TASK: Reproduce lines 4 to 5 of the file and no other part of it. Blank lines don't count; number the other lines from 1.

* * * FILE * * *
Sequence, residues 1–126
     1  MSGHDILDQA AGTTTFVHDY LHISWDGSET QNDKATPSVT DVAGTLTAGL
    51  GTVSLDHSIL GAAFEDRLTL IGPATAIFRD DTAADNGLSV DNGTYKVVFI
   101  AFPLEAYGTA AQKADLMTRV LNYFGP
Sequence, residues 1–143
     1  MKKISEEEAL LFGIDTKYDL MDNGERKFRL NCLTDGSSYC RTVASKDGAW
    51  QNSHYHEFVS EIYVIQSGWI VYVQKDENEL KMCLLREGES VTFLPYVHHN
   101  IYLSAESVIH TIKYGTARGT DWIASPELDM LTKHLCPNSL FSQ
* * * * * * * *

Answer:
   101  AFPLEAYGTA AQKADLMTRV LNYFGP
Sequence, residues 1–143